Monday, March 20, 2006

Whaddya mean simmer?

According to this article, fewer and fewer Americans have a basic cooking vocabulary.
At Kraft Foods, recipes never include words like “dredge” and “sauté.” Betty Crocker recipes avoid “braise” and “truss.” Land O' Lakes has all but banned “fold” and “cream” from its cooking instructions. And Pillsbury carefully sidesteps “simmer” and “sear.”

When the country's top food companies want to create recipes that millions of Americans will be able to understand, there seems to be one guiding principle: They need to be written for a nation of culinary illiterates.

Ouch. Is it really that bad? One speculative reason given that many of today's adults had mom's that worked full time, hence no kitchen knowledge. That can't be it--BOTH of my parents worked full time, yet they were able to teach me the basics--how to follow a recipe, how to make a roux, how to grease the INSIDE of the pan (yes, according to the article some folks think you should grease the outside).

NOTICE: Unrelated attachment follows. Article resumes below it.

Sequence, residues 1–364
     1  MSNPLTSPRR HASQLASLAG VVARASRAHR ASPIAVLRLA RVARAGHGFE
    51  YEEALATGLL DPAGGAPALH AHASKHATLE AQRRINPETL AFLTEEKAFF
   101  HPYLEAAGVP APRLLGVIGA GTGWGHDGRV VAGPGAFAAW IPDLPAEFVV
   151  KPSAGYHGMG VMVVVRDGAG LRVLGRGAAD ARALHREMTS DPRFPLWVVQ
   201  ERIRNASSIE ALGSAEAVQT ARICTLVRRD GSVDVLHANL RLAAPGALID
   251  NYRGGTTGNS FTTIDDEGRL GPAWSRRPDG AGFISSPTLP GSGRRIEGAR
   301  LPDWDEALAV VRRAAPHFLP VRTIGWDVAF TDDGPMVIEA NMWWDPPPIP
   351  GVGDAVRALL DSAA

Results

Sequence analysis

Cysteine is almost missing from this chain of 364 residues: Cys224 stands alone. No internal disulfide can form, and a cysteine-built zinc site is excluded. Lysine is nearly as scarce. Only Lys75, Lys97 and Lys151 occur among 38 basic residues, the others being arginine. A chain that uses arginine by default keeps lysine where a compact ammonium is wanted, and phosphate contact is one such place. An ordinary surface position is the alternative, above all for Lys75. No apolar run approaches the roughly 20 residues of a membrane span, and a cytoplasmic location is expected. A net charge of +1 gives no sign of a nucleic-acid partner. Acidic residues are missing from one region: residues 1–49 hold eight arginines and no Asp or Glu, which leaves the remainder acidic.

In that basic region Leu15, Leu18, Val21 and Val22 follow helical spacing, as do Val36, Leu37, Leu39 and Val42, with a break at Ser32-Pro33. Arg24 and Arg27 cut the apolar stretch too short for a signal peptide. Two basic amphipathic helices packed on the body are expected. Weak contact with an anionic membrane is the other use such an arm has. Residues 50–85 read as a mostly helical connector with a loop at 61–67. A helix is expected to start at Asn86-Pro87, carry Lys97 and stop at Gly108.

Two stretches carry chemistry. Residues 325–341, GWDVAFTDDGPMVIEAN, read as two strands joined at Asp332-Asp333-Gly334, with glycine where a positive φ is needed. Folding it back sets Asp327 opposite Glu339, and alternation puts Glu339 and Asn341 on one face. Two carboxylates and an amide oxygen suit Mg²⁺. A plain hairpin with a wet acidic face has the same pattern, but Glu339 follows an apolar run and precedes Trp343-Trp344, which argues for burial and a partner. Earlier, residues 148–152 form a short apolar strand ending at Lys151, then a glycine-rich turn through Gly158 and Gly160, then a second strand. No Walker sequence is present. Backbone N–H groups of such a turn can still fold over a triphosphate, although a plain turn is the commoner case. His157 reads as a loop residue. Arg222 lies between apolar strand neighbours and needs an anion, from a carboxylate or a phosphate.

Rorie said...

Who are these people that don't know what 'simmer' means?

Jill said...

I must confess I wouldn't know what to do if a recipe told me to dredge something. But I do know to grease the insides of pans!

Erin S. said...

I'm with ya Jill--there are certain cooking terms I don't know either, or I need to see to understand (stiff peaks, for example, when whipping egg whites). However, I prefer Joy of Cooking's technique (outlined the article) of having a comprehensive glossary, rather than dumbing everything down.

Carrie said...

I'm a youngster and I know the basics. I mean, it's not that hard to follow a recipie.

I think the problem is that people want everything laid out for them word for word. It's like when there's a sign for the bathroom that points and people look at it and then ask where the bathroom is.